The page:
While cider production is still a sliver of the beverage market (total U.S. cider production is around 360,000 barrels, compared to the nearly ten million barrels of craft beer sold last year), the growing circles of cider-drinkers are part of the calculus of Oregon’s larger traditional cider makers such as Wandering Aengus Ciderworks.
Across town from E.Z. Orchards, Wandering Aengus just completed the company’s newest venture—a 6,000-square-foot industrial space where the cider-makers will begin production this fall. With loans procured through a pilot program from Salem’s Urban Renewal Agency, Wandering Aengus is building the property in tandem with two other small businesses.
Wandering Aengus's Tasting Room, carved from the corner of the warehouse in the Pringle Creek area of southeast Salem, features a rotation of Wandering Aengus’s eleven offerings, including ciders ranging from semi-dry and spicy dry-oaked to the floral varietal Wickson. Finish those with a dessert wine such as the company’s new Pommeau, made from apple brandy and produced in collaboration with Portland’s Clear Creek Distillery. The Cider Room will also offer light fare, local beers, wines and cheeses.
Since Wandering Aengus began operations in 2004, revenue and production has nearly doubled annually, says James Kohn, Wandering Aengus co-owner. In 2010, Wandering Aengus bottled 10,000 cases of craft cider. They produced another 1,200 kegs of Anthem cider, a series of libations finished with hops or the juice of local pears, cherries or apples, for regional restaurants and brew pubs. In 2010, revenue surged to $500,000.
Kohn says that the new facility will allow Wandering Aengus to meet current demand and open the door for expansion into new markets in the U.S. and internationally. It will provide greater visibility for the label, along with more production and three times the current fermentation capacity. Supply of cider apples, however, may limit growth.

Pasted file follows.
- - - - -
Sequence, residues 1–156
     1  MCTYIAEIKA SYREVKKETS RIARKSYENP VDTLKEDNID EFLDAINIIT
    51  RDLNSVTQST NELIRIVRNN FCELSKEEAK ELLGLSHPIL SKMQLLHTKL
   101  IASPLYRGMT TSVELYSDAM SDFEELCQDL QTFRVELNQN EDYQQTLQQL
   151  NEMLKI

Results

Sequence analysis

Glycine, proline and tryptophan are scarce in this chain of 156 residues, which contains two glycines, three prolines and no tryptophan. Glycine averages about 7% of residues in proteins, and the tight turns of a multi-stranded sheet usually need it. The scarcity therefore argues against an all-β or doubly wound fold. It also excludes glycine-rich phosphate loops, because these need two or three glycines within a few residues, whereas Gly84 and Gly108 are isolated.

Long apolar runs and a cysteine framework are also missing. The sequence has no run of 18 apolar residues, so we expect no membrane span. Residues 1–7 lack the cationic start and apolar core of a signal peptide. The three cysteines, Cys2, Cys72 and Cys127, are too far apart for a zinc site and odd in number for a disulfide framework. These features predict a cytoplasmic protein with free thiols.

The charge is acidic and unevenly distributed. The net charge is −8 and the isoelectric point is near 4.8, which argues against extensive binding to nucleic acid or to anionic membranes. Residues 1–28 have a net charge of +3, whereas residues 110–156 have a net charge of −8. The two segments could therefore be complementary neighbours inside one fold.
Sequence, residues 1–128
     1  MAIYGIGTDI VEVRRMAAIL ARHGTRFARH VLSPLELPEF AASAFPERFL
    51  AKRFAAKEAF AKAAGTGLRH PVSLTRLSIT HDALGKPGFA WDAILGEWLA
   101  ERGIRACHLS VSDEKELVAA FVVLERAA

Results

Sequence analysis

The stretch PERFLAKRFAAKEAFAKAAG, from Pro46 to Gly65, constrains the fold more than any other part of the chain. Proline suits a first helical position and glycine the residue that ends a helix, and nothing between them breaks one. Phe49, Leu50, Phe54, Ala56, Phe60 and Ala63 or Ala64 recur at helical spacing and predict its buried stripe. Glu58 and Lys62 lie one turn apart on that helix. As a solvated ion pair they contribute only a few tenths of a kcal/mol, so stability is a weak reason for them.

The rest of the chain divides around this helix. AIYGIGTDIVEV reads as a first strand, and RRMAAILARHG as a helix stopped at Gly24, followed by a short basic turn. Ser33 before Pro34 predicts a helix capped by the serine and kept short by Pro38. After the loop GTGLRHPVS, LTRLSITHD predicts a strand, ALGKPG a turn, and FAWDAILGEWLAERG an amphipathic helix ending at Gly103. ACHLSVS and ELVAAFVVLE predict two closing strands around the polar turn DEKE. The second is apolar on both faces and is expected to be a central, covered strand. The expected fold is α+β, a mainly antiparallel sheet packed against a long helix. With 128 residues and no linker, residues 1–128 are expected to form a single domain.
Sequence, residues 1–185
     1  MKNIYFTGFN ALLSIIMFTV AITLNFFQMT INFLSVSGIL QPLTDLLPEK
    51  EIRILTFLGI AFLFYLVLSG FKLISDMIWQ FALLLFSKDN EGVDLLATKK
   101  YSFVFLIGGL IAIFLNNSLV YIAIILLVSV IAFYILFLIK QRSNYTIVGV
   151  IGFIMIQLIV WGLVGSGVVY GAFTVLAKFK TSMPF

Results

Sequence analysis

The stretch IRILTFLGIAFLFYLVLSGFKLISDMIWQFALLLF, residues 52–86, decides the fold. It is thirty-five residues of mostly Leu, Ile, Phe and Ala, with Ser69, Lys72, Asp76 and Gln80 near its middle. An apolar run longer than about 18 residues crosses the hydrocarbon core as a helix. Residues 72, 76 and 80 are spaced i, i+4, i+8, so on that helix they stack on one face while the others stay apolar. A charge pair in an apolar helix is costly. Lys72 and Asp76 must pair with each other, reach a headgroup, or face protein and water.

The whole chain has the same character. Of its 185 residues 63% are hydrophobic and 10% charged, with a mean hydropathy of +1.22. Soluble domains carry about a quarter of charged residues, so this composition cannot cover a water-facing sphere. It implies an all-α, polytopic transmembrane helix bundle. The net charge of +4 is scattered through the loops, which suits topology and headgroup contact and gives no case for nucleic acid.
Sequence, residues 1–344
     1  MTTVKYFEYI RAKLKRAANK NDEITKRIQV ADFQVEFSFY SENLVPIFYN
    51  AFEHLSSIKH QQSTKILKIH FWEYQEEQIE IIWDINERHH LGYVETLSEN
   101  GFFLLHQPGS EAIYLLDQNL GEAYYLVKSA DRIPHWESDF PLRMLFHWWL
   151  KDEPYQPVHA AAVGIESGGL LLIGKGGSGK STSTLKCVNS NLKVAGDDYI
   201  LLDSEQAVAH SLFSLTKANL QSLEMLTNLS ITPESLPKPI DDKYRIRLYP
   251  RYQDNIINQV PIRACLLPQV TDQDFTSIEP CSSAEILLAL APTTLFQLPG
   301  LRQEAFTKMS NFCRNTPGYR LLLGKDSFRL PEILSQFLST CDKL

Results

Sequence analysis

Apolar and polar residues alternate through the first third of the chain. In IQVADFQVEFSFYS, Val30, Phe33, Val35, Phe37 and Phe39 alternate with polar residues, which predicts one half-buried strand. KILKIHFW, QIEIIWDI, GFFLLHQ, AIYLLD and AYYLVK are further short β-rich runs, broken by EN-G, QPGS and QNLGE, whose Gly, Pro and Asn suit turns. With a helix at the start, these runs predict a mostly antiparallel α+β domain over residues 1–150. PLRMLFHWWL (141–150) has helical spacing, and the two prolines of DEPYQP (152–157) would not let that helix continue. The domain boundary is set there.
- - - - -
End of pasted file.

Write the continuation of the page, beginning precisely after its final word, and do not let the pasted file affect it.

“We have to grow in tandem with the apples,” says Kohn. “We need to get more growers to grow the heirlooms.”
Heirloom apple varieties are hard to find, need to be picked at the height of ripeness, and they don’t store well. Wandering Aengus sources apples from its own orchards in West Salem and in Ashland, and buys them from heirloom growers in Hood River and Central Oregon.
“Ours is an agricultural process, not an industrial process,” says Kohn. “We are trying to go back and support the farms. You have to go for quality in the fruit and pay a price that makes sense.”
Instead of looking to commercial cider production as a model for growth, Kohn says his eye is on craft brewing and wine makers, who, like traditional cider producers, have a close relationship with their growers.
Oregon's craft beer industry, in the end, may have created the perfect palate for a burgeoning generation of cider drinkers. It is the growing pool of publicans drinking bitter, dry and hoppy flavor craft beers that opens the door for trying these new ciders with similar profiles, says Kohn.
For the moment, the revival of traditional cider is in its infancy, yet blooming. “We want to lead,” says Kohn. “We want to help build the cider industry.”
Sep 6, 2012